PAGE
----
The Ferrari F12 TDF model was released as a track oriented version of the F12 Berlinetta model; it was in production between 2015 and 2017. The F12 TDF name derived from the Tour de France automotomile races that Ferrari dominated between 1956 and 1964. The production of F12 TDF was limited to 799 limited units worldwide making it a very exclusive and highly desired model. The F12TDF is powered by the same engine as F12 Berlinetta; however, the upgraded 6.3 litre V12 produces 769hp and 705 Nm of torque making it ridiculously fast. It takes less than 3 seconds to reach 62mph from a standstill and the car keeps accelerating to 211 mph. The F12 TDF lapped the Ferrari test circuit faster than any other model and gave in only to the superior LaFerrari model.


Ferrari, The Ferrari, the daddy of daddies, the boss of bosses – this is exactly what the LaFerrari was designed to be. LaFerrari was the first hybrid supercar from the Italian manufacturer offering the highest power output of any road going Ferrari ever produced. 499 LaFerraris (code name F150 or F70) were produced and sold for approximately 1million, but since this was a strict invitation purchase only the resale value of the vehicle reach 10 million (auction in 2017) making this the most expensive 21st century vehicle. LaFerrari Aperta was released 3 years after te LaFerrari in 2016 and was limited to 210 units. So what do you if your mr. Shields – you buy both the LaFerrari and LaFerrari Aperta. 

The red devil is powered by 6.3 litre V12 producing 789hp and 700Nm of torque that has been further powered by a 161hp KERS unit (totalling 950hp) and coupled to a 7 speed double clutch gearbox. The performance figures are mind blowing:0-62 in 2.4 seconds and topping out at 217. LaFerrari is equipped with more electronic aids that I can name – E-Diff, ESC, EF-1, ABS, EBD, FRS etc. 

And whilst this may be the very first Ferrari that hasn’t been designed by Pininfarina since the collaboration between the two companies since 50’ies, I must say it is the best looking modern Ferrari ever built. It is a car that offers both the ultimate design and performance and deserves the name it has.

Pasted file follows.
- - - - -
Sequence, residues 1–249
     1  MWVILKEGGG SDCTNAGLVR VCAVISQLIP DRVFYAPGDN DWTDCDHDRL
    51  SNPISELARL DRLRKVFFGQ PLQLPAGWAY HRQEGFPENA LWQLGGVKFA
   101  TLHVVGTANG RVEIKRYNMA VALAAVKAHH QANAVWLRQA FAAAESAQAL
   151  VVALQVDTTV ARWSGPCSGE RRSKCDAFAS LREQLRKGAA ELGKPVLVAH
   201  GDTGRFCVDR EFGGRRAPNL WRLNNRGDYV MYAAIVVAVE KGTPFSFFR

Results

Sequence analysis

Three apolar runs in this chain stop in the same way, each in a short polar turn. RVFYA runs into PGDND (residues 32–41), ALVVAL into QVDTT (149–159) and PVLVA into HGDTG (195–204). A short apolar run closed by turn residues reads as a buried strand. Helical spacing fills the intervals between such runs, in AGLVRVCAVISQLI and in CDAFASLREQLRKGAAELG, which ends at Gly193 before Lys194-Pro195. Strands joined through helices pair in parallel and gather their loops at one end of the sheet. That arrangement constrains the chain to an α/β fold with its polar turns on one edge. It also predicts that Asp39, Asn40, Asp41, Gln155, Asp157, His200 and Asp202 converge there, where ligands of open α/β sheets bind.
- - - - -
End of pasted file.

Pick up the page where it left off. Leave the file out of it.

Ferrari Challenge was created in 1993 to offer a single make racing series to Ferrari 348 Berlinetta owners. It became so popular that Ferrari offered another model a few years later: the F430, followed by the 458. In 2018 they returned with the F488 Challenge car and here it was- "the most powerful car in the history of one make series" (Ferrari). Powered by 493 hp V8 engine and equipped with F1 style gearbox this Ferrari is a handful to drive. As with all the challenge cars this car is ready to hit the track thanks to all the aero, engine and brake upgrades. It looks spectacular.


What may have just seemed like a random coloured Ferrari actually was one of the most special and expensive Ferraris there. To celebrate the 70 years of Ferrari the Italian supercar manufacturer ran a limited production of 5 of their models – The California T, 488GTB, 488 Spider, F12 Berlinetta and GTC4 Lusso in 70 tailored and unique liveries. Ferrari produced 350 units and sold these on invitational basis only. The resale value on certain models was estimated to be well over 1million GBP. Ferrari certainly new how to celebrate their birthday in style by releasing a series of magnificent looking vehicles.


And whilst the day may have been all about the red prancing horses, there was another thing that I kept returning to: the CCM Spitfire. To be perfectly honest I am not overly into bikes, yet this particular masterpiece has stolen my heart. I recall seeing this bike first at the "Goodwood Festival of Speed" in 2017 and it stole my heart. Hand built in UK the CCM Spitfire is a limited production street bike, it is majestic from every angle; the attention to detail is second to none. Whilst many would refer Ducati as the Ferrari of bikes, for me this is the ultimate bike. Magnificent.

It was a really great day, for great cause and a display of cars one would hopefully never forget. I'd like to thank Philip Shields and the remaining owners of vehicles that gave us the unique opportunity to see all of them up close and personal.